Por: PBS OneWorld
With globalization, barriers to international trade and capital flows have lowered significantly. Globalization has also lead to a considerable growth of the number of Companies having foreign entities. Although, in general terms, one could say that globalization has improved our economies and our lives, it has also lead to the development of harmful tax practices. International organizations and local governments have taken action on this to prevent tax evasion. In fact, the OECD report of 1998 on Harmful Tax Competition recommended the introduction of CFC rules to put a curb on harmful tax practices. Like many other OECD countries, Spain also applies CFC rules, as a measure to prevent the use of intermediary companies whose main purpose is deferring the payment of taxes by the Spanish resident shareholder.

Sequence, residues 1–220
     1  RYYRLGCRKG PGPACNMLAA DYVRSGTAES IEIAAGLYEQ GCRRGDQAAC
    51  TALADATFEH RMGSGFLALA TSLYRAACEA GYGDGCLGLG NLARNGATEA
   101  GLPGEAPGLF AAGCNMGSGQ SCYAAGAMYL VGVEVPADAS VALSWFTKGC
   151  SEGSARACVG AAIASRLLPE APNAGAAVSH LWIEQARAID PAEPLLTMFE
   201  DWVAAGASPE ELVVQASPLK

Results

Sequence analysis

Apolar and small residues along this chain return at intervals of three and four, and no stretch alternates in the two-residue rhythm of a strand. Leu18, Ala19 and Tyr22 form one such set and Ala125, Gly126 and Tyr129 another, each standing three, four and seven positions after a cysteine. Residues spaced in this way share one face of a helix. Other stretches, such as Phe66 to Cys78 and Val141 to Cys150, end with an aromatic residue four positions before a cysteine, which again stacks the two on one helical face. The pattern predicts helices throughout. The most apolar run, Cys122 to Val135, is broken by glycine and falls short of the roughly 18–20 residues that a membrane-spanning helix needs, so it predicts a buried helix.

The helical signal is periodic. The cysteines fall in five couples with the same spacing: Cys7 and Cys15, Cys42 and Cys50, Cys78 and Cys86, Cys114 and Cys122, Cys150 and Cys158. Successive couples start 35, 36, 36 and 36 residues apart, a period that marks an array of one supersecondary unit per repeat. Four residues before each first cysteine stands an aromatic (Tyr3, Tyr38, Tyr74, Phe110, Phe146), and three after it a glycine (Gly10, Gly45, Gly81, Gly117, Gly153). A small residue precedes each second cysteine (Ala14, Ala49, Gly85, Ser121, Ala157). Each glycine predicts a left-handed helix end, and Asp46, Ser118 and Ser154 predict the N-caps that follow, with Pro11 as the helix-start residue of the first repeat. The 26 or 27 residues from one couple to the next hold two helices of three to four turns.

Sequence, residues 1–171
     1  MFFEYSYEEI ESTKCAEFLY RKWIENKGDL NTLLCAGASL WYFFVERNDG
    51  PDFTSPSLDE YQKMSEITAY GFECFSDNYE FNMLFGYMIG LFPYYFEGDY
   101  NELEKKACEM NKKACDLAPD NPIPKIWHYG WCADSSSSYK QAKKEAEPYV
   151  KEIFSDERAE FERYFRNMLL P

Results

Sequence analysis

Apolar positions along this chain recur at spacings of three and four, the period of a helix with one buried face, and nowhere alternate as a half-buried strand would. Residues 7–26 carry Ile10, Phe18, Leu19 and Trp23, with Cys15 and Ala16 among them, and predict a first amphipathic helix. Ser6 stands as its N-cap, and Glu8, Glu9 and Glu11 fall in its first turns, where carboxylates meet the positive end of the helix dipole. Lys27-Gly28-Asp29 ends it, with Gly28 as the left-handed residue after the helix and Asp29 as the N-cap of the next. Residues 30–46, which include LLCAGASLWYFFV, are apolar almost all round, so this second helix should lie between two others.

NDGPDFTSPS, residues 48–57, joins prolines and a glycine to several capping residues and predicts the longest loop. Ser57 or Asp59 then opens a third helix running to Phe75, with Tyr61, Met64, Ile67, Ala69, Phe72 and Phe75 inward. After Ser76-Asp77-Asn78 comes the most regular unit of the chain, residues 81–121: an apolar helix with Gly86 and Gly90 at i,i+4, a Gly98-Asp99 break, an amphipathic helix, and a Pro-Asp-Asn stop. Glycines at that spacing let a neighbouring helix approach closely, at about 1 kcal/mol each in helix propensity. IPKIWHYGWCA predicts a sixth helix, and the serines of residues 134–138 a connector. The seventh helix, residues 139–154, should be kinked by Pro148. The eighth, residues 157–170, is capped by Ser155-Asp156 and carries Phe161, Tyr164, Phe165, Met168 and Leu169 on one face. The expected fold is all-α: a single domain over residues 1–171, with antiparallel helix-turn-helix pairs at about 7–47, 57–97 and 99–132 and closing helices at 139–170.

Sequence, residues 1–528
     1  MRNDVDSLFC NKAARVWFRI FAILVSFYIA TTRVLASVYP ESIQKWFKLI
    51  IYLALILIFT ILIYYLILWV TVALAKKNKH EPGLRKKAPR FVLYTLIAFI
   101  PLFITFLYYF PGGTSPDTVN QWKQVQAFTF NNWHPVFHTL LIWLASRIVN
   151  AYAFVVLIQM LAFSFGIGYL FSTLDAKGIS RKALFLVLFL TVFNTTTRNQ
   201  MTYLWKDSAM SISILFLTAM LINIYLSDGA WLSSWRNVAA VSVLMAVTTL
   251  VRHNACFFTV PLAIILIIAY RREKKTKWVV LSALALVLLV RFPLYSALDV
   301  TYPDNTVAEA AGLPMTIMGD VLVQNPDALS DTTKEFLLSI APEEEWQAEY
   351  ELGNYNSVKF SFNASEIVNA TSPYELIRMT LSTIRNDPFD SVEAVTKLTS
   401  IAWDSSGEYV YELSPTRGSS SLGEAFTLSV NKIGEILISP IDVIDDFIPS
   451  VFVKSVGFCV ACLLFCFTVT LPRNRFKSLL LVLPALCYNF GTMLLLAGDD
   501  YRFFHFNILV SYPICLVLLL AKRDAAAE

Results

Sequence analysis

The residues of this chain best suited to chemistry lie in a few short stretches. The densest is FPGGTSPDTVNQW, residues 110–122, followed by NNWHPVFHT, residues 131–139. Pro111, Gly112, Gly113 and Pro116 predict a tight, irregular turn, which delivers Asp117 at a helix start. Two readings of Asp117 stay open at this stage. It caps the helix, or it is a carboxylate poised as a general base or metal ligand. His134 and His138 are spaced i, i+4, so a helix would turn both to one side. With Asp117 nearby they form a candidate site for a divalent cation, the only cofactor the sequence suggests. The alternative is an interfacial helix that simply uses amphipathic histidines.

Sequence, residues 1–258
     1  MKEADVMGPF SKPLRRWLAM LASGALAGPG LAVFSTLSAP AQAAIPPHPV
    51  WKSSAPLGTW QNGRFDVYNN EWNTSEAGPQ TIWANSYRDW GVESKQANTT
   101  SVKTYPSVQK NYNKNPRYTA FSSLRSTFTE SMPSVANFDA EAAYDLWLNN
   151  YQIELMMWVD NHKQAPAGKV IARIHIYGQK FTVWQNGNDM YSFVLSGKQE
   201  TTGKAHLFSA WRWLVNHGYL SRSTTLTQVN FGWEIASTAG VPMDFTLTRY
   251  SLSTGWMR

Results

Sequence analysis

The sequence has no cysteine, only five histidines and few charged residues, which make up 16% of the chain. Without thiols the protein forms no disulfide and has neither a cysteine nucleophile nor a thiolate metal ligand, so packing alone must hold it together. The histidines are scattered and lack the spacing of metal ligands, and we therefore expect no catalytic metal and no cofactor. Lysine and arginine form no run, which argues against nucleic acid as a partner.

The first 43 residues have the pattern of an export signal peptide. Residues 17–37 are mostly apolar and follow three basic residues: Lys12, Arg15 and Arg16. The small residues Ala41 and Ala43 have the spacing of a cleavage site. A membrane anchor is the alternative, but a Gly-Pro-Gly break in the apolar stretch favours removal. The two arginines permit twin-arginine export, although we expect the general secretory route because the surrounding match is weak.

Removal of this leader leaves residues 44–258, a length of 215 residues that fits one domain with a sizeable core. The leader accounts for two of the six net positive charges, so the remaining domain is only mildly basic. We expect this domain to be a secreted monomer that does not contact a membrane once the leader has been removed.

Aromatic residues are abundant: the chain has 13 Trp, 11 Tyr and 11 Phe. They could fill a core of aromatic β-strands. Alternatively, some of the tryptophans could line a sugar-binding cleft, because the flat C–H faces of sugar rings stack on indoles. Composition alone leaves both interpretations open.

Leaving aside the technicalities and complexities of these rules, we would like to walk you through their basics, to get a better understanding of how they work.
So, which are these basics?
CFC rules apply to apportion a foreign Company’s income to the Spanish parent Company (or individual) and to subject it to current taxation in Spain, without the need of a dividend distribution.